Up at Bat: Vintage Programs of Memorable World Series Games
The predictions are rolling in: will it be the American League Detroit Tigers against the National League Cincinnati Reds? Or perhaps the New York Yankees vs. the Reds? In just over a week, the two leagues will face off in the 2012 Major League Baseball World Series games Wednesday, Oct. 24. The home-field advantage in the playoffs belongs to the NL, but in this blog post, we’ll be taking a look at seasons past with vintage programs that commemorate of MLB’s most historic games or feature beautiful designs.
Though pre-World Series, this 1888 scorecard for the Cincinnati BaseBall Club exemplifies advancements in printing of the post-Industrial Revolution era.
The inaugural World Series of 1903 marked the first time the American League and National League played against one other. The Boston Americans (whose official nickname “Pilgrims” was rarely used at the time) beat the Pittsburgh Pirates at Exposition Park in the nine-game series with a score of 5–0 on October 13. Today, of course, Boston is known as the Red Sox.
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The 1919 World Series pitted the Chicago White Sox against the Cincinnati Reds (with the Reds winning 5–3), but the game is most known for the Black Sox Scandal. Eight Chicago players conspired with gamblers and intentionally lost the game out of resentment towards team owner Charles Comiskey, who was known to underpay his players.
At the time, baseball players were not free agents due to the Major League Baseball reserve clause and were forced to accept whatever wages they were offered by the team owner. Once the player was signed to a team, he could not obtain a contract to play for another until his current agreement expired, or until he was traded or released from the team.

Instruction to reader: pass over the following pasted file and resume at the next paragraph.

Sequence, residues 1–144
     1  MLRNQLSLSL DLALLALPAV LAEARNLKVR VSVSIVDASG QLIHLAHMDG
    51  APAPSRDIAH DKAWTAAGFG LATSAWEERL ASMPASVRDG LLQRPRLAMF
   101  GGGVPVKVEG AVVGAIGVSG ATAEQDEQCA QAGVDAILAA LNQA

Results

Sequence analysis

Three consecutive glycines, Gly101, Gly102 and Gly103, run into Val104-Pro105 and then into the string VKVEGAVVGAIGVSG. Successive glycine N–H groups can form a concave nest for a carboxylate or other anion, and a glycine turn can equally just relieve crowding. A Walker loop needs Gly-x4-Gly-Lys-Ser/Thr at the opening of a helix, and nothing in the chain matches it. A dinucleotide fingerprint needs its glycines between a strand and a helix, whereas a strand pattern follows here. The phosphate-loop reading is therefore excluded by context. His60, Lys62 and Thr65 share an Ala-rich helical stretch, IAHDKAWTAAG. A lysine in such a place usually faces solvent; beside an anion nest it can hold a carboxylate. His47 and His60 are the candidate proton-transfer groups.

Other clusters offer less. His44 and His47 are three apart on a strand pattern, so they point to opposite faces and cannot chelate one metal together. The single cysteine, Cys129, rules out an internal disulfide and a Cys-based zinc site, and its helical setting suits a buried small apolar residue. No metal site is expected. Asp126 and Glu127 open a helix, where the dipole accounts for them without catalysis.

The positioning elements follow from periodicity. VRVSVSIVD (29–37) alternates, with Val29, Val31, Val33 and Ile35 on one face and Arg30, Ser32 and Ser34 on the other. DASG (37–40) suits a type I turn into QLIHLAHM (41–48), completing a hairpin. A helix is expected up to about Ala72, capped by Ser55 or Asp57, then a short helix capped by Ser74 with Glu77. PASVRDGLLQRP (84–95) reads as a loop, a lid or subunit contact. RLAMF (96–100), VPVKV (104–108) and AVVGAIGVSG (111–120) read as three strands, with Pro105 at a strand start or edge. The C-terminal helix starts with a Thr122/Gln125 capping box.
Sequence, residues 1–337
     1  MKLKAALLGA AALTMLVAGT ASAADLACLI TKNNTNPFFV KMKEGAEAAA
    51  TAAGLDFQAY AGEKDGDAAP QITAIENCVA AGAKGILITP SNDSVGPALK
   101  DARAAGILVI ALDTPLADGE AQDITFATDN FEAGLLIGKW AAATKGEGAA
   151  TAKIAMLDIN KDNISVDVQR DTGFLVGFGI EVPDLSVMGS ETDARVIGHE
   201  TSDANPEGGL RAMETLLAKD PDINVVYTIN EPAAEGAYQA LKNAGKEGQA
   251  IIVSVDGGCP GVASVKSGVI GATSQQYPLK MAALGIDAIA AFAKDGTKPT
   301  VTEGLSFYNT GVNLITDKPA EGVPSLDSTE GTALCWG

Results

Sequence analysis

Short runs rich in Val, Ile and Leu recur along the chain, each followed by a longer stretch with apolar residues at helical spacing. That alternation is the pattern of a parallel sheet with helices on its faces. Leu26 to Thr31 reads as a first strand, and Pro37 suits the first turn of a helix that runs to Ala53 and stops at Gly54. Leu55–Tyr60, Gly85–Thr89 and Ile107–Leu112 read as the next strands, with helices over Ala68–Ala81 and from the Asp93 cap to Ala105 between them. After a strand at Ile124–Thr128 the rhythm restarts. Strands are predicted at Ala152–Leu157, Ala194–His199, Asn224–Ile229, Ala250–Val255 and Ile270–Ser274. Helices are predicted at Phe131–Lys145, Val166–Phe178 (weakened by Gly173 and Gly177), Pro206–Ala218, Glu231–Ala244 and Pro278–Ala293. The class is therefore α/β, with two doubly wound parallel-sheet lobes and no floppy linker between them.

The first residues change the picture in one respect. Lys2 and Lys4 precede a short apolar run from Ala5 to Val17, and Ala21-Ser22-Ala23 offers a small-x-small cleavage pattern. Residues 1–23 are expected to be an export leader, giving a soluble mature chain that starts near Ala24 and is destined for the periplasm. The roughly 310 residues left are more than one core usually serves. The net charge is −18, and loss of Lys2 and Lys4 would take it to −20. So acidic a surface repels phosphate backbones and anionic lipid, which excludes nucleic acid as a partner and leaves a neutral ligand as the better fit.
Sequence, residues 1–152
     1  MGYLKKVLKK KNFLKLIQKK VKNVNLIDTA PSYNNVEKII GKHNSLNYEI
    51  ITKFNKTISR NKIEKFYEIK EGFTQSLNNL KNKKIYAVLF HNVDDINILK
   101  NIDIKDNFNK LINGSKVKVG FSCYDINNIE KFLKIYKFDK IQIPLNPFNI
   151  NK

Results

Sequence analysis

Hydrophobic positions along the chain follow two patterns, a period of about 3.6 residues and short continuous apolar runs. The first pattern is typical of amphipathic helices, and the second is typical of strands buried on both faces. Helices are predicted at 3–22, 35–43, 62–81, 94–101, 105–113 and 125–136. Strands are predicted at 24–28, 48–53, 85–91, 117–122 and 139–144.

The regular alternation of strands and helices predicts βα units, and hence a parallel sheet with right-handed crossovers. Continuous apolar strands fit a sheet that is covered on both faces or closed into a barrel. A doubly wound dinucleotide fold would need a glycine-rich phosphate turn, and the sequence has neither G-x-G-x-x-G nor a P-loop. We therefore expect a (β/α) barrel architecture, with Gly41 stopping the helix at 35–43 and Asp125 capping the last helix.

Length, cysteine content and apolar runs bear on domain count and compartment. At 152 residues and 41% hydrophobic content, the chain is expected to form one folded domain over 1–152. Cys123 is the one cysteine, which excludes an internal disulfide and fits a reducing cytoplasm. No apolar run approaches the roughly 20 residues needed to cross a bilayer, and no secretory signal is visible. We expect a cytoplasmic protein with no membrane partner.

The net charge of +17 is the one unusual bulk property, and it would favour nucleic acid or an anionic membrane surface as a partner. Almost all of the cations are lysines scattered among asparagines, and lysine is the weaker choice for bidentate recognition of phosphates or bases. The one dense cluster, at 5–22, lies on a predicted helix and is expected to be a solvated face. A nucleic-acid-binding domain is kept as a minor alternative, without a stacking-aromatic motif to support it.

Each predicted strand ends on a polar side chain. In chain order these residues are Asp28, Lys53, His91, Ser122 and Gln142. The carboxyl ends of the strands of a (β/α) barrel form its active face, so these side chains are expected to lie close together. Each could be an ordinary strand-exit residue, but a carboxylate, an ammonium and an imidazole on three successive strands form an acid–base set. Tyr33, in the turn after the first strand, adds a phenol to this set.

After much suspicion, a grand jury investigated rumors of the fix and two years later the eight players involved found themselves banned for life from baseball.
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While the 1929 World Series was not as record-breaking compared to more memorable games, this program issued at Chicago’s Wrigley Field features a vibrant Art Deco design. The Philadelphia Athletics beat the Chicago Cubs 4–0 in this game.
This colorful program commemorates the 1931 World Series; the St. Louis Cardinals beat the Philadelphia Athletics 4–3.
World War II had just ended before the World Series games of 1945 , but many American baseball players were still in active duty military service. The Detroit Tigers and Chicago Cubs played this series, and the Tigers won 4–3.
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This souvenir program from the 1948 World Series marks the first time the games were televised nationally. In this series, the Cleveland Indians beat the Boston Braves 4–0. Game 4 also broke the World Series attendance record at the time, with 81,897 fans in the stands of Cleveland Stadium. In the 1995 World Series both teams (by now, the Braves had relocated to Atlanta) met for a second time, with the Braves winning once again.
Having faced off in the previous year’s World Series, the New York Yankees and the Brooklyn Dodgers met again in 1956. On October 8, Yankees pitcher Don Larsen pitched a perfect game 5, making it the first and only one in MLB postseason and World Series history. It was the last time Ebbets Field would see a World Series game; the Brooklyn ballpark was demolished in 1960. Game 7 marked the last time Jackie Robinson was at bat – the Dodgers Hall-of-Famer retired from baseball at the end of the season.
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This 1965 World Series program issued at Dodger Stadium features the Minnesota Twins and the L.A. Dodgers as players in the Space Race. The Dodgers won the game 4–3.
The Oakland Athletics and San Francisco Giants hit the field in the “Battle of the Bay” World Series games of 1989. The A’s beat the Giants 4–0; however, this World Series is also best remembered because of the 6.9-magnitude Loma Prieta earthquake which struck before game 4 was set to begin. It was the first time a major earthquake had been broadcast live on television. Because both teams were from the Bay Area, rush hour traffic that day was unusually light because many people headed home early or stayed at work past business hours to watch the World Series. As a result, the number of casualties and injuries was thankfully far less than what may have been.
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